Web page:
“Unreal” Suffering

I’ve been struggling with almost continuous terror for the last three days. Knowing it was trauma-based, being pretty sure it was because of social distancing, I tried to spend more time with people, but even eating dinner together didn’t help. My journal writing this morning was pretty desperate, but when I walked Mocha, I found some things that made a difference.  The fear has not gone, but it’s lessened enough that I can manage. I still find practical things almost impossible, except for absolutely necessary things like cooking and getting food and walking the dog.  This is what I wrote later:

3rd cup. dandelion root tea.  I’ve discovered some prayers that help.  “Whatever of this is not mine, may it be drawn into the ball of white light and sent to the healing realms.”  “I choose to trust that there are beings in the universe who are bigger, stronger, and wiser than me, and who help us all go in a positive direction.”  “I offer myself to this process.”

I said these while I walked Mocha.  Also reminded myself that I do love Mocha, even when I don’t have loving feelings or feel connected.

I thought about the mystery that some suffering is “real”: Joe lost his wife, Rob fell and hurt his back.  Another friend had some mysterious illness with psychotic symptoms but is doing better — she came by our dining table last night with a walker, looking pale and weak.  There are people struggling with poverty and racism and marginalization, losing their jobs, being treated unfairly by the police, etc. etc.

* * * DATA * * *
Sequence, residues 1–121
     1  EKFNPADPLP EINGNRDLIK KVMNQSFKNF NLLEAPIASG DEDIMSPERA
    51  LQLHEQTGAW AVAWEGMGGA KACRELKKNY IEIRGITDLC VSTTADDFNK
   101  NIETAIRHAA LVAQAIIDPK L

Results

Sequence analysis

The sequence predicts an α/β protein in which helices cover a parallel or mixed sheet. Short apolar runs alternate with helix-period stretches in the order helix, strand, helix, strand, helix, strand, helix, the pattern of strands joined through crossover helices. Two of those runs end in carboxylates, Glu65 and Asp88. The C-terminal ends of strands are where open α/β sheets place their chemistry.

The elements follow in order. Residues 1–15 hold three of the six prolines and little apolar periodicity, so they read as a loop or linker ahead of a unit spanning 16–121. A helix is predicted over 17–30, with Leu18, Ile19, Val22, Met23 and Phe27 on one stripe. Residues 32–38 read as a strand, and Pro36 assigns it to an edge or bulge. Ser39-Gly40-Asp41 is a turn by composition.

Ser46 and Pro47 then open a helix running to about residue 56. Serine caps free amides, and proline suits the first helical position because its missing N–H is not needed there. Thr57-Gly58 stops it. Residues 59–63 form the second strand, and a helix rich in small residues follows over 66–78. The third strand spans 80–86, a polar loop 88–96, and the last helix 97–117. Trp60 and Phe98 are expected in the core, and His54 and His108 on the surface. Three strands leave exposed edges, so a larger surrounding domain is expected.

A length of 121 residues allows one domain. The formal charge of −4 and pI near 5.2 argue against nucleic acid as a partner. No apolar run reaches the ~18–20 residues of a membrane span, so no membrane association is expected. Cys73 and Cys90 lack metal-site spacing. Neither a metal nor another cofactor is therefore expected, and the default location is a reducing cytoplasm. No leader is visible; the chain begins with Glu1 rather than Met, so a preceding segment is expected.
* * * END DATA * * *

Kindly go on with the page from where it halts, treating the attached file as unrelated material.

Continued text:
Then there’s suffering that’s “unreal” like mine.  Yes I know it was caused by an event in the past, but there’s no direct evidence.  My suffering is almost entirely invisible feelings, that other people don’t see, that they mostly don’t understand because the feelings don’t connect with something obvious and present.  Maybe even because, as I think it’s Lenore Terr who says, the fear and rage of a trauma survivor don’t feel like normal fear and anger.  I think the terror I experience is frozen terror, the default of freeze.  I suppose the freeze without fear is apathy, but the freeze with fear reminds me of dreams when I tried to run away from a bomb and my knees were like rubber.

One of the difficulties in believing that it’s not my fault, besides my father telling me “You’re miserable because you want to be,” is that I didn’t know about the trauma until I was nearly 60. Not understanding about the cause for my difficulties left me believing that I was defective.

What is the purpose of “unreal” suffering?  Because it’s not directly caused by someone else, there’s no one to blame.  I always took responsibility for healing my misery, although I also blamed myself, judged myself harshly.  That’s why the prayers are such a help.  They represent handing it over to something I trust, a healing process if not a loving being.  I guess one thing that that makes “unreal” suffering so difficult and painful is most people judge the suffering person, and refuse to feel sympathy.

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